Charlotte Mason Method vs. Unit Studies

Unit Study Knights

When I started homeschooling more than thirteen years ago, I used a unit study approach because I thought it was my only alternative to a traditional curriculum. At the end of that year I heard about Charlotte Mason and knew that the Charlotte Mason Method was the one I wanted to pursue.

Over the next few years I pondered what makes the difference between a unit study approach and the Charlotte Mason approach. It wasn’t until I read a couple of passages in Charlotte’s writings that I understood the distinction more fully.

In this part of our series comparing the various homeschooling methods, we’ll look at how Charlotte explained the difference between the Charlotte Mason Method and a unit study approach.

Forming Relations

As we mentioned in the first part of this series, Charlotte believed that true education consists of forming relations with God, with mankind, and with the universe around us. She was particularly emphatic that it was the child himself who should do the mental work of forming those relations.

Herein lies the first difference between Charlotte Mason and unit studies. With a unit study approach, it is the teacher who forms the relations and makes the connections for the child and then presents her findings. “The teacher has done it; he has selected the ideas, shewn the correlation of each with the other and the work is complete” (Vol. 6, p. 114).

In Volume 6 Charlotte gave an example of a unit study with Robinson Crusoe as the focal point (p. 115). The activities included

  • Object Lessons on the sea, a ship from foreign parts, a life-boat, shell-fish, a cave, etc.
  • Drawing Lessons on an oar, an anchor, a ship, a boat, etc.
  • Building models of the seashore, of Robinson’s island, of Robinson’s house and pottery
  • Reading passages from The Child’s Robinson Crusoe
  • Reading passages from a general reader on the items mentioned in the object lessons
  • Composing summary sentences as a group and have students copy this composition from the blackboard
  • Arithmetic related to Robinson (no examples given)
  • Singing and Recitation, for example, “I am the monarch of all I see,” etc.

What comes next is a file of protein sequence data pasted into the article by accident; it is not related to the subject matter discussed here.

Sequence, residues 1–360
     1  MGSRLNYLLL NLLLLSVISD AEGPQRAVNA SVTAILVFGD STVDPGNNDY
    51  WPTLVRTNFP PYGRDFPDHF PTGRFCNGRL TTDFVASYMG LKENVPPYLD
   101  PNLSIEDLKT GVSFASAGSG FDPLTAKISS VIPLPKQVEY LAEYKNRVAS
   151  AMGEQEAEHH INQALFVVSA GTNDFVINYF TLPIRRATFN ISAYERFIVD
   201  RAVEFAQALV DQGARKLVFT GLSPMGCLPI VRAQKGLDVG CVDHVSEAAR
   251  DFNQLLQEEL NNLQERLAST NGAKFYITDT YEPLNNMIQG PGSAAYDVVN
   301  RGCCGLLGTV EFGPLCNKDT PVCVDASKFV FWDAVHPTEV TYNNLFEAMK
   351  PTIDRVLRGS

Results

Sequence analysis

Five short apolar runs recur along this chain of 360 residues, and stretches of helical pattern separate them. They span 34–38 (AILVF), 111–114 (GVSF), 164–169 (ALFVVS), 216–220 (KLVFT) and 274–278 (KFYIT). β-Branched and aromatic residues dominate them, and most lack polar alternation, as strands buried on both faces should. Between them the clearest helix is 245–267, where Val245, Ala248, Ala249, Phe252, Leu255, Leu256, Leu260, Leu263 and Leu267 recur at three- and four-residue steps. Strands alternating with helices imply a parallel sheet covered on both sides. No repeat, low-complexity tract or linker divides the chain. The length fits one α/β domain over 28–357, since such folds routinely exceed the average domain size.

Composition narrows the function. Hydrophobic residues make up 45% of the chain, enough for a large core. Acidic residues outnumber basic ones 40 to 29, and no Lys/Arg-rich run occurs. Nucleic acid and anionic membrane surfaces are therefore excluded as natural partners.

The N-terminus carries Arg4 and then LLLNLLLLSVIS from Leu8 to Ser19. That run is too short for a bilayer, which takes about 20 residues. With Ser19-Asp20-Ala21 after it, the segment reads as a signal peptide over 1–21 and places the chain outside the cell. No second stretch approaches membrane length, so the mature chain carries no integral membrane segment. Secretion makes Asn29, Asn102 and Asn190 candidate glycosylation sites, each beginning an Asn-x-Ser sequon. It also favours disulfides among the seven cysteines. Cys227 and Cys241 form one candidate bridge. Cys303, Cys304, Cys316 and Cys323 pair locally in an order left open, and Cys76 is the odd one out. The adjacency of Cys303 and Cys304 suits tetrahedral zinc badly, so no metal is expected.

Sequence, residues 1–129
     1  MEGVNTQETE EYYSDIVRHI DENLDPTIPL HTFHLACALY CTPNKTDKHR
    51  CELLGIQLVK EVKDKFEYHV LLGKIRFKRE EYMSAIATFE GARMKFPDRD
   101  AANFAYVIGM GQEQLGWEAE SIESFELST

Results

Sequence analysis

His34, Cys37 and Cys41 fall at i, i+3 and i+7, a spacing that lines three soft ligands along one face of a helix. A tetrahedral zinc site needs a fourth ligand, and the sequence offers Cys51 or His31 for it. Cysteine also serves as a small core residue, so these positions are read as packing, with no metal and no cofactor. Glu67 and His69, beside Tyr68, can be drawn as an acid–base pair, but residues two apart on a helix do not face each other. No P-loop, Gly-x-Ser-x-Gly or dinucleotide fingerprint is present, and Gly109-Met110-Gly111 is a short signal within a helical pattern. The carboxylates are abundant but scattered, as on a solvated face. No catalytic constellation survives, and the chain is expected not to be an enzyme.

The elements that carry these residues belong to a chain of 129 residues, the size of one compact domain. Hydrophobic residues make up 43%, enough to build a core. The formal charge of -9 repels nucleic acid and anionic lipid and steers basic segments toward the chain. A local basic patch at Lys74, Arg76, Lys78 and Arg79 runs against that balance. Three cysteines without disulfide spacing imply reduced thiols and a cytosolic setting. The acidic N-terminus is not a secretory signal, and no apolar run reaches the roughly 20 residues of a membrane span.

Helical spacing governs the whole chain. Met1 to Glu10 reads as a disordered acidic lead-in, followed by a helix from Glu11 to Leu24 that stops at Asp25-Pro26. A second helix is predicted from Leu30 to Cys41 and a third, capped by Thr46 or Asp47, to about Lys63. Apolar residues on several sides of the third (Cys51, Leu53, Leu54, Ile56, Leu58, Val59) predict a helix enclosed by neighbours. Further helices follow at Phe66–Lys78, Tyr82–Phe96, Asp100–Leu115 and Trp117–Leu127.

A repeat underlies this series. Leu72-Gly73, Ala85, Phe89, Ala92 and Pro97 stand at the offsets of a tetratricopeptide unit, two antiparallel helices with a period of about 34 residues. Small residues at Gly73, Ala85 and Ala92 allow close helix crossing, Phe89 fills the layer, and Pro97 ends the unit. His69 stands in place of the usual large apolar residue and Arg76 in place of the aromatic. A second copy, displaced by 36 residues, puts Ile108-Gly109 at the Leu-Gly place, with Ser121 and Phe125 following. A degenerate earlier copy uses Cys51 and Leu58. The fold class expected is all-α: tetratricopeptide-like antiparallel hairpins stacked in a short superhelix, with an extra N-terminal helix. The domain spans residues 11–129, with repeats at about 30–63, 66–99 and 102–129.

In the typical unit study, the student depends on the teacher to show him how ideas are connected and related to each other. Charlotte wanted the student to form those relations himself, which she believed is a key to “owning” the idea.

Natural Connections

But didn’t Charlotte’s curriculum correlate certain subjects? Yes, Charlotte did often correlate history, geography, and literature for the same time period. But herein lies the second difference: Charlotte made a distinction between what she considered natural connections and forced, arbitrary connections.

In Charlotte’s schools “the co-ordination of studies is carefully regulated without any reference to the clash of ideas on the threshold or their combination into apperception masses; but solely with reference to the natural and inevitable co-ordination of certain subjects. Thus, in readings on the period of the Armada, we should not devote the contemporary arithmetic lessons to calculations as to the amount of food necessary to sustain the Spanish fleet, because this is an arbitrary and not an inherent connection; but we should read such history, travels, and literature as would make the Spanish Armada live in the mind” (Vol. 3, p. 231).

As outlined in the Forming Relations section above, a typical unit study tries to correlate every possible school subject around the chosen theme of the study. The Charlotte Mason approach limits itself to just those natural connections that are inevitable. For example, when studying a person or event in history, it naturally follows that the child will learn about the place in which that person lived or that event happened (geography). And if the child is using a good living book, he will most likely be exposed to the literature of that time period. Those three school subjects are inherently combined.

Now you know the two passages, in Volumes 3 and 6, that helped me figure out the difference between the Charlotte Mason Method and the unit study approach. I hope they will also be helpful to you.